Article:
Janghaolun Haokip

Janghaolun Haokip

Janghaolun Haokip, a resident of Kholep Village, P.O –Motbung, Kangpokpi District, Manipur -795107  is a regular contributor of articles to Imphal Times. He completed his B.A (Psychology) Delhi University, Delhi and is currently pursuing Bachelor of Divinity at Manipur Theological College, Kangpokpi, Manipur. He used to work as a Assistant Teacher in English Literature for two years at MBC Higher Secondary School, Kangpokpi Mission Compound, Kangpokpi.

Haokip can be contacted at : [email protected]

Follow him :
facebook  instagram

Life, like time, always goes on, and I believe that’s their very essence. There is no force or neither human invention that is powerful enough to go back to time or to a time of life. In fact, none of us would have believed in the Time Machines in science fictions because we are all somehow conscious of the futility and impracticality. Even so, it is not to wholly deny the colossal potential of human intellect and innovation as we have so far witnessed.
The idea here is not so much about whether we can go back to time or to a time of life, rather, it’s to dwell in the question of the more sentimental aspects of life –of feelings and emotions, and of joy and pain –relative to time and life. It is to venture into the heart of life, and explore and discover the essences of life so that living becomes a beautiful upbeat adventure than an undying misery. That is the goal of this essay, to find the beauty of life in understanding the heart of things that made up this thing we call life.
Life is beautiful. Yes it is! But for most of us, unfortunately, it doesn’t always stay that way. It is often overlaid by adversities that entirely change how a person sees the world and perceives it from a thing of beauty to a thing of suffering. There are people who speak of the vanity of life –that all sorts of optimism or positivity are nothing but diversions to the true nature of life –a life of suffering and pain. It is of course not reasonless because we all have our hard times at some points in our lives. But the point is how to let the beauty of life stay and how to find beauty in adversity so that life remains beautiful amidst the tears. In short, let’s learn to be hurt and still be okay.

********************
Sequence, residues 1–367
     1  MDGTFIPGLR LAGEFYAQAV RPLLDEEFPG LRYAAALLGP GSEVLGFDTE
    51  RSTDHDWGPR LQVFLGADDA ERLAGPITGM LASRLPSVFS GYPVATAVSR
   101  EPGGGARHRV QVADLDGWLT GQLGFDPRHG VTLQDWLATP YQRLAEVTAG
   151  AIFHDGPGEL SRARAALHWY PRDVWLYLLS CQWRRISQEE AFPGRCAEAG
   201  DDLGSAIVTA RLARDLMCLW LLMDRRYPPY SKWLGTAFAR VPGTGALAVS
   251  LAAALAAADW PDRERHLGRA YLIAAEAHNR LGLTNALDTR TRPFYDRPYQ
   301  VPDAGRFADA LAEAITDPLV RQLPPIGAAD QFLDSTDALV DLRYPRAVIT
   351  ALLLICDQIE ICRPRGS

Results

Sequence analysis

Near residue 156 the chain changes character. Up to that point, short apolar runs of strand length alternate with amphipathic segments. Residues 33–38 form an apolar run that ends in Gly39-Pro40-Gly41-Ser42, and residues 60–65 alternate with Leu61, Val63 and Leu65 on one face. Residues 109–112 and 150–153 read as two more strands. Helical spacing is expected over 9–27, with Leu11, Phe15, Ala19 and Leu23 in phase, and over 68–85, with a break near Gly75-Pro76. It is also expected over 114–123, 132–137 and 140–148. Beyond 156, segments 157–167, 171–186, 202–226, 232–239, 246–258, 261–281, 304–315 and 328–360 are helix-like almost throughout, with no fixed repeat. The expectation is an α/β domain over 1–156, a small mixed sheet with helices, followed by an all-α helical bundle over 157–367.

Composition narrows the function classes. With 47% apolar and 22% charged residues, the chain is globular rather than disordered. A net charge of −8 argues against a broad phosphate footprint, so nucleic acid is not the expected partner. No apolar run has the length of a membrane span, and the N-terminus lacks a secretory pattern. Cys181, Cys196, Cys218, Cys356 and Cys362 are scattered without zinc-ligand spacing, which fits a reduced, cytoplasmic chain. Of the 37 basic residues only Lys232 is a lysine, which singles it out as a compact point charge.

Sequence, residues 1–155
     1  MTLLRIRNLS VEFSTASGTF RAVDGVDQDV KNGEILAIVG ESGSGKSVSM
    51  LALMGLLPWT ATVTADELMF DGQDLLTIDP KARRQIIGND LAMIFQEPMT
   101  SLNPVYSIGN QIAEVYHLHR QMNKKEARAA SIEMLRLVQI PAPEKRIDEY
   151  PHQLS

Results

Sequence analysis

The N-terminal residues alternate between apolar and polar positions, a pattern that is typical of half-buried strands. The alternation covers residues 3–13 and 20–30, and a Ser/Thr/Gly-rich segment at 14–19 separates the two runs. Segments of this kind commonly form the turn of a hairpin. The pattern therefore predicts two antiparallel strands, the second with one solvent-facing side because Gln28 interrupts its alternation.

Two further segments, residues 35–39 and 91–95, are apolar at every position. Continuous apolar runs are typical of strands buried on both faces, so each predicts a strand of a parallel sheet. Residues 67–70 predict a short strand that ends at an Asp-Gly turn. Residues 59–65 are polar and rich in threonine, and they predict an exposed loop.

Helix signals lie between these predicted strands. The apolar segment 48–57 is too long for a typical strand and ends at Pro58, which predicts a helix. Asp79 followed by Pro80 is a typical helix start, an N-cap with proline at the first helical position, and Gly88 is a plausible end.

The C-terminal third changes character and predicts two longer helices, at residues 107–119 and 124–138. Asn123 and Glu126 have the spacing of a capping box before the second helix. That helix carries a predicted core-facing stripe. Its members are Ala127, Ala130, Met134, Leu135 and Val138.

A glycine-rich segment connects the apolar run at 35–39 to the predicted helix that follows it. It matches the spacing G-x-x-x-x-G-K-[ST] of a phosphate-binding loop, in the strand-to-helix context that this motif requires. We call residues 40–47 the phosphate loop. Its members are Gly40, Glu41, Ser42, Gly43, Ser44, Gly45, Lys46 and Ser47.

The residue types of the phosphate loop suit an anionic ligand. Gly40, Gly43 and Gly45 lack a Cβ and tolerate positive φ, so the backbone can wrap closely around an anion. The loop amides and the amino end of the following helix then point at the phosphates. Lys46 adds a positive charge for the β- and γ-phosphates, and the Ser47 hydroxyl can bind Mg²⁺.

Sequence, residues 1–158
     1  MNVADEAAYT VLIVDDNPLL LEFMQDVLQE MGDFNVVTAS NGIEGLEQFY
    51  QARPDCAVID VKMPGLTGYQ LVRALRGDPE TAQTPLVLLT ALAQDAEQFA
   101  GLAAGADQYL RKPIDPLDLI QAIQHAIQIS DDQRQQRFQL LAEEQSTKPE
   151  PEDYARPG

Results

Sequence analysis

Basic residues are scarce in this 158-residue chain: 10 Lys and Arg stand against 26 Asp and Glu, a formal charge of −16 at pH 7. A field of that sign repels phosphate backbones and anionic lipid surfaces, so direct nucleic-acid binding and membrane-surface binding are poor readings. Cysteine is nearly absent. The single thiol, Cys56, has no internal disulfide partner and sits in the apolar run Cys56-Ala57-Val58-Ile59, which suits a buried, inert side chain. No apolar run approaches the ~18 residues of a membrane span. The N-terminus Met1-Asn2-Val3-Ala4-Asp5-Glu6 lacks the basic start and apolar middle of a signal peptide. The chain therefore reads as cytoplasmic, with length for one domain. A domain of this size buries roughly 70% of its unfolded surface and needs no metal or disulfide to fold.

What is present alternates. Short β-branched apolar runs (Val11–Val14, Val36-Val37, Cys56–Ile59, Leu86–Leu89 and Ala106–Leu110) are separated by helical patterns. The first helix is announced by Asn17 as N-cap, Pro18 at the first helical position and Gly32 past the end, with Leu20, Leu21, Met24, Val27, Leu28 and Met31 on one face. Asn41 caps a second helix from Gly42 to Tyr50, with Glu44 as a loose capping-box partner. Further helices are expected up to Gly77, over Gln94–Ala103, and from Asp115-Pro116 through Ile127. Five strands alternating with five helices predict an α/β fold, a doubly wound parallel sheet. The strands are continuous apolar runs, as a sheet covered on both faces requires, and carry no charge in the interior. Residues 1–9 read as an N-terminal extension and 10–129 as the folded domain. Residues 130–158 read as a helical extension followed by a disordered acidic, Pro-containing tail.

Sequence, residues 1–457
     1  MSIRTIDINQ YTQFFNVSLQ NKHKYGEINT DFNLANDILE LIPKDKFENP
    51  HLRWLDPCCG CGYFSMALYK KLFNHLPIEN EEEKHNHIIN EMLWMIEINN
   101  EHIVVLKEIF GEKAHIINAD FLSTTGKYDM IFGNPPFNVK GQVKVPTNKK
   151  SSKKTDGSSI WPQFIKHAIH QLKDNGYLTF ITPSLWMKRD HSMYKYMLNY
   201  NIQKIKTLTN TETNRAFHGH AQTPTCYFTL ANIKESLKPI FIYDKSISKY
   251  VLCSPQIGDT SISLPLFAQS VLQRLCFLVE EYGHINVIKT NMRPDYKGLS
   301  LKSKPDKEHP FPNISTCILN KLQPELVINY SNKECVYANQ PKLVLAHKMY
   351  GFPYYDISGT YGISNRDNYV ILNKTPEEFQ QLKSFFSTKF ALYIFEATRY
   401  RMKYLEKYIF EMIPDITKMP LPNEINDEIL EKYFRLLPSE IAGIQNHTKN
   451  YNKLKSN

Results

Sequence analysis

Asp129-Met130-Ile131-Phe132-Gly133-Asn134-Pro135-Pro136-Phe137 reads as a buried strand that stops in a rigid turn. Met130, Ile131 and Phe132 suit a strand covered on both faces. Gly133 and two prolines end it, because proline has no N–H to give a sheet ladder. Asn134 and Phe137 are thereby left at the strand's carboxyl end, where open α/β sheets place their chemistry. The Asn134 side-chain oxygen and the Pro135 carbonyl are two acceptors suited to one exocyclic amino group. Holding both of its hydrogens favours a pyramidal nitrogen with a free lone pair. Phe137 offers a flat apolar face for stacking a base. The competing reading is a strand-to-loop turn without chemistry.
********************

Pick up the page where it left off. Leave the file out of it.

I remember falling in love with all the passion and excitement of a teenager. I must’ve been 18 at that time. The world was beautiful like I had never known before. The days were all fun and amusing and the nights were beautiful just dreaming of her. For once, I even felt like I could just bring her home and make her my wife even though I can’t even take care of myself yet at that time. I loved her that much and life was beautiful like I could ask for nothing more. But it all abruptly turned upside down when we decided to part ways. The days were tiresome and the nights were long, and life was despairing and being alive was a misery. But life still went on and somehow I grew over the pain.